The U.S. government was easily the most active requester of user account data from Facebook in the second half of 2014, while India and Turkey made the most requests for content restrictions, according to Facebook’s latest report on government requests.
The total number of requests from governments received by the world’s largest social media network rose slightly to 35,051 between July and December 2014, from 34,946 in the first half of the year. There was an 11% increase in content restriction requests, to 9,707 pieces of content restricted, up from 8,774.
“We saw a rise in content restriction requests from countries like Turkey and Russia, and declines in places like Pakistan,” Facebook said in a blog post.
Of the 14,284 requests for user data from the U.S. government, Facebook produced “some data” for more than 79%. The compliance rate for second-place India, which made 5,473 requests, was 44.7%.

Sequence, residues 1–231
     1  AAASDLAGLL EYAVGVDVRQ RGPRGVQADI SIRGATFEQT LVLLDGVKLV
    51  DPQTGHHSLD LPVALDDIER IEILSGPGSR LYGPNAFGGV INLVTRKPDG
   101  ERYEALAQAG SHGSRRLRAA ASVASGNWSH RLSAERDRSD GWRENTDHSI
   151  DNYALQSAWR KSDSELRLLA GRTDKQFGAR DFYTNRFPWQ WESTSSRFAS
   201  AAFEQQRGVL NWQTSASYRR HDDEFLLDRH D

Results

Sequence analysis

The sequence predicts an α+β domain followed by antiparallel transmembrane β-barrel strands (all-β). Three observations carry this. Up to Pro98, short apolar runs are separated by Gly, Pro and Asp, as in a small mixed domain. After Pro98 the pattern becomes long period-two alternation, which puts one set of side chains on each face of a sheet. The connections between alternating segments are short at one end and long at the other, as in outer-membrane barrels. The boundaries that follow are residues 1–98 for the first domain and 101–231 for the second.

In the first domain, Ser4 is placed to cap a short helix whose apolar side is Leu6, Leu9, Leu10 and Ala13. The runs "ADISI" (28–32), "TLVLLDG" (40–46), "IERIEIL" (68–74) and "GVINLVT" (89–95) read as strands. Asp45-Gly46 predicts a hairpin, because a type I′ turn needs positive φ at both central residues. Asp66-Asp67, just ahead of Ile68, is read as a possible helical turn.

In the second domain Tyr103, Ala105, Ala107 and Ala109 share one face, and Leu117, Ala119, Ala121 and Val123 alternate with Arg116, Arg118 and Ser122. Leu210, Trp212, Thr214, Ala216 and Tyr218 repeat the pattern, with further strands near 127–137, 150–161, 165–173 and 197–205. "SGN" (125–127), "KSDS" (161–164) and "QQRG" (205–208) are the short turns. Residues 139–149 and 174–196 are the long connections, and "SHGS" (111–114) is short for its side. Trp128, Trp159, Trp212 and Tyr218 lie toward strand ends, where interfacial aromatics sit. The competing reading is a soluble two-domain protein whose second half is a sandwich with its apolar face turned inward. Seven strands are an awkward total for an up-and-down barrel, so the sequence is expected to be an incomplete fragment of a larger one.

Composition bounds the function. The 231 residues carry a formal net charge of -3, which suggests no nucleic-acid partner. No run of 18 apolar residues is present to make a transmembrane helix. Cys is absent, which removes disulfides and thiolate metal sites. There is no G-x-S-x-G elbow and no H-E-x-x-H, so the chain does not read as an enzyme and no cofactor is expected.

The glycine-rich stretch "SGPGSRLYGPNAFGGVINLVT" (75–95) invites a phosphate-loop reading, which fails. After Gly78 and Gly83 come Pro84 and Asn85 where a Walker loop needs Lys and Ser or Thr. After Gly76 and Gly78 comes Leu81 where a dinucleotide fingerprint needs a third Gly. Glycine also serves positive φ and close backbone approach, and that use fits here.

The company is one of many that have begun tracking government requests for information since former National Security Agency contractor Edward Snowden revealed that the U.S. government, in particular, was actively targeting user data in connection with law enforcement actions. Twitter recently disclosed that requests on its user information were up 40% in the second half of 2014.
More than 55% of the U.S. government’s requests to Facebook during that same period were in connection with search warrants. Subpoenas accounted for 32% of those requests and emergency disclosures accounted for 4%.
India led the way in content restriction requests with 5,832. “The country’s approach to censorship was highlighted when [internet service provicers] were told to block 30 websites, including GitHub, in December,” TechCrunch noted.
Turkey made 3,624 requests to take down content. Most Western countries, including the U.S., had none, though the United Kingdom had three.
“Moving forward, we will continue to scrutinize each government request and push back when we find deficiencies,” Facebook said. “We will also continue to push governments around the world to reform their surveillance practices in a way that maintains the safety and security of their people while ensuring their rights and freedoms are protected.”